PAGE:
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Craig Fansler, interviewed by
Interview by Robyn Corapi
What do you do here at Wake Forest?
Craig Fansler works in the ZSR Library with Special Collections and Archives. He helps to
preserve aged volumes and one-of-a-kind documents, as well as to create unique artwork to
promote the library. Some of his work can be viewed in the exhibits he designs in the library. His
creative bookmarks with handcrafted images that are printed using Wake Forest’s very own
letterpress can often be found at the ZSR circulation desk. He also supervises student assistants
that are interested in a career of preservation, and he teaches workshops on printing.
What made you want to be a preservation librarian?
Fansler has a background in art and graphic design. He once saw a group of students holding
handmade books, and curiosity drove him to take courses at the Appalachian Center for crafts.
His experiences led him to pursue a career as a professional librarian. He also received his
Master’s degree in Library Science at UNC Greensboro.
What are some of your favorite projects?
Fansler has completed many projects while working at Wake Forest. Among the most significant
are his repairs of Civil War letters and the Gertrude Hoffman posters. These windows into the
past came to him in fragile, unusable states. The Civil War letters were incomprehensible before
Fansler repaired them. Now anyone can read the letters written by Major John W. Cameron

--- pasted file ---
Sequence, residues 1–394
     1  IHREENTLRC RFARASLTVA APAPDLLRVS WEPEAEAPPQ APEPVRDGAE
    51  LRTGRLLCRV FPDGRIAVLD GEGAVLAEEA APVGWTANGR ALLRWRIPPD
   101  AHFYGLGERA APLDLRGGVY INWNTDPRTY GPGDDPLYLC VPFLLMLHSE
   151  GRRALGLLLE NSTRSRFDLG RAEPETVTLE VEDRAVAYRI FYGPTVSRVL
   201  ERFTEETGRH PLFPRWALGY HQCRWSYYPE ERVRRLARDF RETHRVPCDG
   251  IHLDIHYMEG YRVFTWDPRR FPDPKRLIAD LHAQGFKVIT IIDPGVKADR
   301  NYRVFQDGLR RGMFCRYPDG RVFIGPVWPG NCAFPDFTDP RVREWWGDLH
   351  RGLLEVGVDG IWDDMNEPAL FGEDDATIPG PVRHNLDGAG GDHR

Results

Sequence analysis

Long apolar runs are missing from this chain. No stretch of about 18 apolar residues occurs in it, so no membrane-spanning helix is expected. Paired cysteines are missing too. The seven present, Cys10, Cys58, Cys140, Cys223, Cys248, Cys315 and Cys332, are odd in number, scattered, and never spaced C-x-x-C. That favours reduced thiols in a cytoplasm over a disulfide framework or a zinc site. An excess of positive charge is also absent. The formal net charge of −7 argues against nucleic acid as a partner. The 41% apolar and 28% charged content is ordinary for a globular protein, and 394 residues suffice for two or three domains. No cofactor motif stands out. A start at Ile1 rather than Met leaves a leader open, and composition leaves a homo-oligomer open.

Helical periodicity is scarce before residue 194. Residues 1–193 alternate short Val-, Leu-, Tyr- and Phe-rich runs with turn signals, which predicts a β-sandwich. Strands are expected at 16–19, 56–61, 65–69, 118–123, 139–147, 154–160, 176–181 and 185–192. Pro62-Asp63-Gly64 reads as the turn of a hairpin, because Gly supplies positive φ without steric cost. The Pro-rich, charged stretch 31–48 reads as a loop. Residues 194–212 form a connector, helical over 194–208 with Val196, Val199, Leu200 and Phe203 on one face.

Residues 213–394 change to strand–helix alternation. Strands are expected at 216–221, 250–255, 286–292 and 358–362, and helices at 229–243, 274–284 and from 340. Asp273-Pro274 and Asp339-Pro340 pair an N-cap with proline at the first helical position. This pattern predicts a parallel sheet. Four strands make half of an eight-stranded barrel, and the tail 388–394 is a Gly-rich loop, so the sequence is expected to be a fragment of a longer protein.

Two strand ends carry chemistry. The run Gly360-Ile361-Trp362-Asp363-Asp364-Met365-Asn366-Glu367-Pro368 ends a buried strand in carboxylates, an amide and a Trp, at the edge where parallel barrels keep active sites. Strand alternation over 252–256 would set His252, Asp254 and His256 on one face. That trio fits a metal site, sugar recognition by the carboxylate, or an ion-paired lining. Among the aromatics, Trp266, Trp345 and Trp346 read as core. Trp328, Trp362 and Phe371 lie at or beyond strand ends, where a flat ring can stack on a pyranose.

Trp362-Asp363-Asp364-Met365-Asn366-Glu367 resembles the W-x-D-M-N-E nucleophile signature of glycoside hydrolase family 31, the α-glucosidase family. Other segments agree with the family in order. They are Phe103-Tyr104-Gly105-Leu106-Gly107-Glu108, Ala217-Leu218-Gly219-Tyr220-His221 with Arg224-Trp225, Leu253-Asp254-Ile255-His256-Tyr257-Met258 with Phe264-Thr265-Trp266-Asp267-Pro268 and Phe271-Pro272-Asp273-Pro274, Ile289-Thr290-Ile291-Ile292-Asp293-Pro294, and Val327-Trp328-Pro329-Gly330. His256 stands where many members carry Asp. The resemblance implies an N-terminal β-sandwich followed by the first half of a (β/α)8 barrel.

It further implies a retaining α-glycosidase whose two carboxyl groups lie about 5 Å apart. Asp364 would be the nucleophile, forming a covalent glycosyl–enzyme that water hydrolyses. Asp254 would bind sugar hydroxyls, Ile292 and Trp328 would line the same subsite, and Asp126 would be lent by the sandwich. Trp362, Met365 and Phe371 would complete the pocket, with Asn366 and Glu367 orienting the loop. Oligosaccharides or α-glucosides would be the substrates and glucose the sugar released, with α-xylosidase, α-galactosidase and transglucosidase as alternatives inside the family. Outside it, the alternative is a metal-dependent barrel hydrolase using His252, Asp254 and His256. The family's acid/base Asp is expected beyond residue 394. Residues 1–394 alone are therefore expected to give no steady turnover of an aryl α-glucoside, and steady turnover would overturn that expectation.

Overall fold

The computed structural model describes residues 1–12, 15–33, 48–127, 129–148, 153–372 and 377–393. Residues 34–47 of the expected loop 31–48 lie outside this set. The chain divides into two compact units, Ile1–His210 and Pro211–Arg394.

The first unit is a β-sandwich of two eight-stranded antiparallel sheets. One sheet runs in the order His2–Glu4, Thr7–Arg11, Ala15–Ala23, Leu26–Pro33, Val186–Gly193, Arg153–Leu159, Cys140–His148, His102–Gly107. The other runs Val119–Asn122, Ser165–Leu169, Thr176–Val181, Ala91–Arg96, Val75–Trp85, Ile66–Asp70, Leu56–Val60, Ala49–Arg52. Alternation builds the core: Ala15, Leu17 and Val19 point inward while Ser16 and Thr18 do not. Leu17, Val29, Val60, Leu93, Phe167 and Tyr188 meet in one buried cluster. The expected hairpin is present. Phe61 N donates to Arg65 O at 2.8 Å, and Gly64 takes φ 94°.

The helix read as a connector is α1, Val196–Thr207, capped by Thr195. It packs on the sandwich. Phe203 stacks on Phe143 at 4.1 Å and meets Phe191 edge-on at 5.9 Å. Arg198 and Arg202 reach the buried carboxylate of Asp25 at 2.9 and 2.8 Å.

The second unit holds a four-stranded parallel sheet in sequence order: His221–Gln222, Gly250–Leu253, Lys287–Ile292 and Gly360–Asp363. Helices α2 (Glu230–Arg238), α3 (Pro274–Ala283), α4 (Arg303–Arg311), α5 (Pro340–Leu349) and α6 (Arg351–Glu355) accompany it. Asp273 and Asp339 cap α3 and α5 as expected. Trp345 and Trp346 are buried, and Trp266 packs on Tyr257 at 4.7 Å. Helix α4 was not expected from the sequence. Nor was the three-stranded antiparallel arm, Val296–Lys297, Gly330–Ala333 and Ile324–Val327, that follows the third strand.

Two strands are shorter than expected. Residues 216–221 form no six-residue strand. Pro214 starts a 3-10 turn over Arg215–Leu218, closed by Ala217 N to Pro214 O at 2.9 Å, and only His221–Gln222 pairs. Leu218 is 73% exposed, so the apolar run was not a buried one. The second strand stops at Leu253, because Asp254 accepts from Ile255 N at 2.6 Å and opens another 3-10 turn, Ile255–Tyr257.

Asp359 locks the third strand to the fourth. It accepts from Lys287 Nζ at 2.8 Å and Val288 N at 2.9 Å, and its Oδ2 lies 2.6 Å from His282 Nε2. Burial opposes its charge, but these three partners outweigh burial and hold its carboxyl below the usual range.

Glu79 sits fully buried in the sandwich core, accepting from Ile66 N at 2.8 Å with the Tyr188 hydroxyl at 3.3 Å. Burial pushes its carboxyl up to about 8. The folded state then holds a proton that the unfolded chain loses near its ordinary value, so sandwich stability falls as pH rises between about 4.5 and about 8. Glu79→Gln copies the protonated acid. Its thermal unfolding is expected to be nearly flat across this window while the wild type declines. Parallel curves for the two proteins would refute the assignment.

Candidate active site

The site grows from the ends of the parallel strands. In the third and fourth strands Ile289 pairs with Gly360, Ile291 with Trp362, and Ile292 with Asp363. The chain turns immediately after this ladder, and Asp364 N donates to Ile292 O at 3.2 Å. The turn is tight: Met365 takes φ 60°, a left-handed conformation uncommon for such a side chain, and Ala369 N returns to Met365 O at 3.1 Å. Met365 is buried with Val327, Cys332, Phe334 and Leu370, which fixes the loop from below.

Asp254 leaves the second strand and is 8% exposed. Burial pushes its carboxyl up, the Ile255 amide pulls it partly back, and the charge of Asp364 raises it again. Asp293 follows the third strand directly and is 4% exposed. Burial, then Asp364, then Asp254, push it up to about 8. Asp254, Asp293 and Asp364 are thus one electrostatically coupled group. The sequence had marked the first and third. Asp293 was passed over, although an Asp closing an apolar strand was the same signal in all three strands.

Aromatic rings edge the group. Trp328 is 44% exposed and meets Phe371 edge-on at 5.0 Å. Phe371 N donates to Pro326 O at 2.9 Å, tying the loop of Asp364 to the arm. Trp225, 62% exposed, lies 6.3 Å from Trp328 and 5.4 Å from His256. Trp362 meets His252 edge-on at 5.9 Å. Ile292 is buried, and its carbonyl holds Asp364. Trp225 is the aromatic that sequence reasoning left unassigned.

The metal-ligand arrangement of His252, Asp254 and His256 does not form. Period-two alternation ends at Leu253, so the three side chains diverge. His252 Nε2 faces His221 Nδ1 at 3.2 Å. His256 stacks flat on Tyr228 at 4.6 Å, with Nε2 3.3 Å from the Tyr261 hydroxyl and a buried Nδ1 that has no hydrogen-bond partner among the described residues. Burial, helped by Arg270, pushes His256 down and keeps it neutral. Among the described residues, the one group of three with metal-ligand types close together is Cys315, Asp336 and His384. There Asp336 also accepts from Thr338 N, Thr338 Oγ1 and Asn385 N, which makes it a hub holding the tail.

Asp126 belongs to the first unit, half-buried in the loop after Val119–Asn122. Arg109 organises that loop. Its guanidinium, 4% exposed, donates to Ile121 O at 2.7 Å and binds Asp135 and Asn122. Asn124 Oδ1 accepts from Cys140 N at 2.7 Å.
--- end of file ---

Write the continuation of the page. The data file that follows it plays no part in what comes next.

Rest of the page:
requesting supplies for the troops in the Civil War. Additionally, the Gertrude Hoffman posters
displayed a dancer during the
20th
century. Her dancing style caused great controversy and
eventually got her arrested. She later formed a group called the Gertrude Hoffman Girls. These
posters were discovered inside a trunk and were very delicate. Fansler used sheets of mylar to
preserve the posters that can now viewed in Special Collections.
What about your job makes you happy?
Craig Fansler finds joy in the process of taking a deteriorating document and turning it into a
useful source for research. By preserving literature students can utilize physical primary sources
to learn. He also enjoys using his art background to create artwork that he can share with others.
He describes his career as his dream job because he does what he loves, and has the opportunity
to share this with people who truly appreciate it.
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